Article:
There’s nothing quite like strolling through a bustling farmers market early on a Saturday morning, basket and cash in hand, looking through the rainbow array of fresh produce. With a growing trend towards locally sourced foods, it’s no wonder why farmers markets are popping up everywhere. In fact, the United States Department of Agriculture estimated that the number of farmers markets exploded by over 75% in the past eight years. In 2014, there were over 8,400 markets in cities across the country. And, that growth shows no signs of slowing down!

Don’t want to miss out on the farmers market fun this summer?  Here are several tried-and-true tips for making your trip to the farmers market a success:

►Arrive early. Many vendors bring a limited amount of produce each week, so head to the farmers market early for the best selection. Early morning shopping also often means smaller crowds and more opportunities to chat with farmers and fellow market-goers.

►Cash is king. When heading to a farmers market, remember to bring the cash! Although growing in popularity, most vendors don’t have the capabilities to accept credit or debit cards at this time. Some markets do accept SNAP/EBT cards and WIC vouchers. If in doubt, swing by the ATM before heading to the market. Also, vendors appreciate bills in smaller denomination.

►Bring a bag or a basket. To help keep costs down, it is best practice to bring a reusable bag or basket to carry all of the wonderful items you find. Dont worry if you happen to forget! Vendors will always have a few extras.

►Ask questions. Farmers are farmers because they love the food that they grow. They are incredibly knowledgeable about the fruits of their labor – no pun intended – and enjoy sharing information about their growing practices and favorite preparation techniques.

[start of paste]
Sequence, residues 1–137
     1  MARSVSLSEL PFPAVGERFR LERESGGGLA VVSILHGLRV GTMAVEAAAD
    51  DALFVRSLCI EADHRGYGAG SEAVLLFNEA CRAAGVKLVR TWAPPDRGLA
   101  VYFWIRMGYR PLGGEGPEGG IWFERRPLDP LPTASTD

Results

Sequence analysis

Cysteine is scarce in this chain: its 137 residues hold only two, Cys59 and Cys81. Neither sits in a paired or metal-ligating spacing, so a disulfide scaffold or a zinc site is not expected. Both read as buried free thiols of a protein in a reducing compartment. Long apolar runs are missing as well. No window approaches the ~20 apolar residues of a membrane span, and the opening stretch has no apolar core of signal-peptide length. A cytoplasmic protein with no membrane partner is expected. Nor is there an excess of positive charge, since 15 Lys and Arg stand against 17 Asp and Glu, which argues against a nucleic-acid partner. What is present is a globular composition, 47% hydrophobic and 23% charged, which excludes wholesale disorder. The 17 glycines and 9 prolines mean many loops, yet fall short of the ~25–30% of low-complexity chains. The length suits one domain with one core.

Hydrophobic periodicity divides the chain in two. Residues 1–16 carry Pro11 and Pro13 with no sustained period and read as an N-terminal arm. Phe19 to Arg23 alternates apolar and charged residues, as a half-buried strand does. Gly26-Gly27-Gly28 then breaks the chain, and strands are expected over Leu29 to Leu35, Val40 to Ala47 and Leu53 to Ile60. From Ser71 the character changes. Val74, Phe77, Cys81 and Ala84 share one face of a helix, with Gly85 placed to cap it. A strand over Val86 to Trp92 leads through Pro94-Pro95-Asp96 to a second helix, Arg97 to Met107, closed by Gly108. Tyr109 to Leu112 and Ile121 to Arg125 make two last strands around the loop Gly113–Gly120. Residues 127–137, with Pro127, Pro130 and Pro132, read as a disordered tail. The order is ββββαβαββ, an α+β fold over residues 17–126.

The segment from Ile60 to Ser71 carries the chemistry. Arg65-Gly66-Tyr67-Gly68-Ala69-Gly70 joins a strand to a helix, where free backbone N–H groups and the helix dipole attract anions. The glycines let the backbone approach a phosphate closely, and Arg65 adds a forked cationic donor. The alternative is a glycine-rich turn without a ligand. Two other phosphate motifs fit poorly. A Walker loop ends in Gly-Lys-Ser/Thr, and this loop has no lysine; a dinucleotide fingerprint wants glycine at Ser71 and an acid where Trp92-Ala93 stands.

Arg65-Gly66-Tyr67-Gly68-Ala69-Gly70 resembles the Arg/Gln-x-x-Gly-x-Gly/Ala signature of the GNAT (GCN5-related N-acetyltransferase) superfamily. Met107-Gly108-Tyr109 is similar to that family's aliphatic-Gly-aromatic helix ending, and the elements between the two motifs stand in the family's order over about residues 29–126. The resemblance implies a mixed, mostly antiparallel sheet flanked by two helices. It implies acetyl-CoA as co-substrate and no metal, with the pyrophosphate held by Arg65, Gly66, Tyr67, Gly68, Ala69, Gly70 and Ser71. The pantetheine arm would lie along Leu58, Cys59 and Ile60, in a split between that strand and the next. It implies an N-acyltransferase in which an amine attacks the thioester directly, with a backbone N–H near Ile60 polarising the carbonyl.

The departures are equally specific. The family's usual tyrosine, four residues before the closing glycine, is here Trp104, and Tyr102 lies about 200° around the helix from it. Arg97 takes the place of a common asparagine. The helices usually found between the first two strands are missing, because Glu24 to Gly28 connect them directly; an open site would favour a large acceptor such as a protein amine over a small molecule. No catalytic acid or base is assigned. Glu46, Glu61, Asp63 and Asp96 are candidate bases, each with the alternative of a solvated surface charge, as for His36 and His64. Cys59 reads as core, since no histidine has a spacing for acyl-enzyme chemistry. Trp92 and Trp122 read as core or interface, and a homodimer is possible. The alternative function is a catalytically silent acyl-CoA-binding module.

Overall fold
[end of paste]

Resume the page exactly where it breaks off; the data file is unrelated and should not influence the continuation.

►Try something new. Farmers markets provide the opportunity to branch out from the traditional Russet potatoes, Roma tomatoes and Red Delicious apples. In fact, many local growers offer more unusual or heirloom varieties of common fruits and vegetables that are more suitable for our Wisconsin climate and growing season. Farmers markets provide the perfect opportunity to try something new like purple carrots or multicolored tomatoes. And, there are frequently samples!

►Get creative. One of the beautiful things about shopping at farmers markets is seasonality. Although farmers are often able to give a good prediction of what will be available in the upcoming weeks, there is little certainty from week to week. So, head to the farmers market with an open mind and prepare to get creative!

►Bring the family. With a bounty of delicious and nutritious foods, the farmers market is the perfect venue to get kids excited about fruits and vegetables. Markets also offer the unique opportunity to learn more about where food comes from, how it is grown and what can be done with it.

►Have fun! There are few activities that are comparable to shopping at a farmers market. Enjoy the lively atmosphere, befriend a farmer and  have fun eating the freshest of foods!